As the world has opened up, I find myself thinking about trust – Who can I trust? What information should I listen to? Am I safe to go outside without a mask? Can I safely be in large groups? Can I trust that others are taking safety precautions? I am sure you’re wondering the same thing too. I must admit that all this wondering is perplexing and exhausting.
When in doubt, I always go back to my Mussar learnings and readings. Alan Morinis discusses in 'Everyday Holiness' that no one likes to live with anxiety or worry, as life is a “difficult, daunting struggle.” When trust runs strong, life is more manageable. But, how does one trust when life is fraught with so many unknowns and post-truths or “alternative facts”? The onslaught of opinions on social media and 24-hour news streaming, which is often contentious and scary, can leave one with feelings of uncertainty and worry.
“The truth is that when we no longer know what to believe, there is an erosion of trust and the result is that a free society cannot function in the absence of trust,” stated Rabbi Sachs (z”l) in a 2017 article titled, ‘Post-Truth and the Erosion of Trust.’ He contends that we should re-establish the moral basis of Western civilization – a combination of Judeo-Christian heritage and enlightened values – until we recover the ideals of honesty and honor in public life.
Morinis further clarifies that bitachon is really trust in G-d and nothing happens by chance. Trust stands on the foundation of faith. Bitachon is often used interchangeably with emunah (faith). Thus, we should place the burden of one’s concerns and worries on G-d and trust that things will work out. “It is better to trust in G-d than to trust in any man.” (Psalms 118:9) He talks about trust being based on acceptance, not expecting that everything will turn out as one would like.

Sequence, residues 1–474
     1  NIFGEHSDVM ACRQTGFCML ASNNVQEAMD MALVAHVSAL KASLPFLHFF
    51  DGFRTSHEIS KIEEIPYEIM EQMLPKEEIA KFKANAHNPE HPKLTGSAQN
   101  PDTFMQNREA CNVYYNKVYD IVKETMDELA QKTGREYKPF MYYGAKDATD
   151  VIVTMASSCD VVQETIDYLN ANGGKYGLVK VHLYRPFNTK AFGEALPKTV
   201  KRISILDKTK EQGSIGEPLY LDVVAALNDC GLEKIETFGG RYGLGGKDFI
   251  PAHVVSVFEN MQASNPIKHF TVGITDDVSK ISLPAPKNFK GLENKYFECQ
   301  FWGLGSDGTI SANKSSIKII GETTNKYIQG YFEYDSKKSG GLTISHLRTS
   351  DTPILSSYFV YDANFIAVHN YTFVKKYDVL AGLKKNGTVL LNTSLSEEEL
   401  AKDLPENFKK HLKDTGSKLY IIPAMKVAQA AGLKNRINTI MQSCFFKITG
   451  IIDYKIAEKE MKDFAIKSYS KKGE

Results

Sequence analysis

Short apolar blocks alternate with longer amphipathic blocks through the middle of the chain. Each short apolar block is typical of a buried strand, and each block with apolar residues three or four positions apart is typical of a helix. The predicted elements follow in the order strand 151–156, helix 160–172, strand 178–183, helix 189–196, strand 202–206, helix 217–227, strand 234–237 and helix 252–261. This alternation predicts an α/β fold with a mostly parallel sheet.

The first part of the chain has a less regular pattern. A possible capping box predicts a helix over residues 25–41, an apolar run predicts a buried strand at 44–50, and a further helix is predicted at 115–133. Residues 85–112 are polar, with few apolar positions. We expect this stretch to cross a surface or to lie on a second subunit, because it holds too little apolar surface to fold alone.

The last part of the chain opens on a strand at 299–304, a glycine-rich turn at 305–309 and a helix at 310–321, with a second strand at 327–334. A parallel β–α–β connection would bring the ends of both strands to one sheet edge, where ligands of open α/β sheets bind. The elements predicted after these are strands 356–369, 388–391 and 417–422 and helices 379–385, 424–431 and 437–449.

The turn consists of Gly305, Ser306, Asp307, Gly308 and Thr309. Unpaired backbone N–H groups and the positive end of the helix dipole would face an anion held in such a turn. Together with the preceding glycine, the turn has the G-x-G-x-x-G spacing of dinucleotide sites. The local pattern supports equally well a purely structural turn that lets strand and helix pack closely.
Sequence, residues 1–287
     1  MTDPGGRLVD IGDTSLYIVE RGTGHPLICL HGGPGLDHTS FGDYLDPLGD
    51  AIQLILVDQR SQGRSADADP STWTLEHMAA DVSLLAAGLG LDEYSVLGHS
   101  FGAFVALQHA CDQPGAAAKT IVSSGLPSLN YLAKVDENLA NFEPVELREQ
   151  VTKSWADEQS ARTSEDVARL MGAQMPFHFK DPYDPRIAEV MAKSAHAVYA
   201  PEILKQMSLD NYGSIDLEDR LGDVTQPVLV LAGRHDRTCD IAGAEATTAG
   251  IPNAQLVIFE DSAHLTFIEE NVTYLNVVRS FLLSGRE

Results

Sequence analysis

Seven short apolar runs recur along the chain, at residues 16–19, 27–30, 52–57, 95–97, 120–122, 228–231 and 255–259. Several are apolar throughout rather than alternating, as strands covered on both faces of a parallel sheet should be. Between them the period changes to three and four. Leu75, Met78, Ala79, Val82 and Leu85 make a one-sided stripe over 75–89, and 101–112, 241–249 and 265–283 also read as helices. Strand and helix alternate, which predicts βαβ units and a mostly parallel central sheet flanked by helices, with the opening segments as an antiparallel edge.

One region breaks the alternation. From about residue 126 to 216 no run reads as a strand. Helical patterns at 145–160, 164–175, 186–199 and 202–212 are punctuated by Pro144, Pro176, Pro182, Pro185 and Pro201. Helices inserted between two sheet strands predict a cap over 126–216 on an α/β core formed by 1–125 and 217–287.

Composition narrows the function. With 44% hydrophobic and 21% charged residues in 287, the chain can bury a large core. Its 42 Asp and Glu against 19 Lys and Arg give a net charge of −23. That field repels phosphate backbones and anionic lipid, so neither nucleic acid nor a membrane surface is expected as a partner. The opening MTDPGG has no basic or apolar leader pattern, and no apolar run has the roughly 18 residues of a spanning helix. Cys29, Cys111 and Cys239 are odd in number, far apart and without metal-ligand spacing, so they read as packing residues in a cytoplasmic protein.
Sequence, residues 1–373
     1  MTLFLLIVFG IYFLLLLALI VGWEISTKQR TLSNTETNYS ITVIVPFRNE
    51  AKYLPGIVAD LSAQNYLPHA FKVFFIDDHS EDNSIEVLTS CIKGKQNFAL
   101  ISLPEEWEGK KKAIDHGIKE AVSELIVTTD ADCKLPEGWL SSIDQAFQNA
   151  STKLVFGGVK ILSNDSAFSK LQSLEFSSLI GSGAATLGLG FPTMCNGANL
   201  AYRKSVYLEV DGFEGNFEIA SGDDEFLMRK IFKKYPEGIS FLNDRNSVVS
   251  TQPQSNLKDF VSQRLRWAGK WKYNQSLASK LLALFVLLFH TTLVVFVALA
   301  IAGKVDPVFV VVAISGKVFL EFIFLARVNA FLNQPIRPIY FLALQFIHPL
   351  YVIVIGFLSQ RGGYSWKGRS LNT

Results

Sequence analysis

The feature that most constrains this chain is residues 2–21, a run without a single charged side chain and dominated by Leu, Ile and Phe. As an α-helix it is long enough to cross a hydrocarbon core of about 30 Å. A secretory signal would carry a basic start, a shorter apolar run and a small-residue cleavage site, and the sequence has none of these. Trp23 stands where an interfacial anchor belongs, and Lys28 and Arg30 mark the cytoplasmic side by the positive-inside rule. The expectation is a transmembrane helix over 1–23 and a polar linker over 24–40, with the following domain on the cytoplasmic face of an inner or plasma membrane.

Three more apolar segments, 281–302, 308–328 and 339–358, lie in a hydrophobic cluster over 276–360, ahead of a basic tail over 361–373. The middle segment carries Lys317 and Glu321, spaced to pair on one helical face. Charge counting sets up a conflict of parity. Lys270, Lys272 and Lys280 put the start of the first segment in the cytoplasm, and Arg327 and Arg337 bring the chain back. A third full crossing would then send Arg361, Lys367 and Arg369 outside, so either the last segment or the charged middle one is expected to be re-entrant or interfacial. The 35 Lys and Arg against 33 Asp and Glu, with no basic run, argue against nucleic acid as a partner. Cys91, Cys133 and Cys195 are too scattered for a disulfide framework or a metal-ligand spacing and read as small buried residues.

We accept what happens because we understand that there is a reason and order to the world. Basically, we accept what life has in store even if it is not understood at the moment.
It was good to remind myself of this. Today, more than ever, with the divisiveness in our country, rise in antisemitism, uncertainty about the pandemic and unrest in the Middle East, it is reassuring to know that what we see is only a slice of the story. When we are in fear of having anxiety about what to believe or what to do, we need to trust more than ever that life will play out as planned.
Yes, we should be alert and cautious. Yes, we should act on our true beliefs after contemplation and evaluation. However, as Morinis claims, we must continually “fan the inner sparks” of bitachon.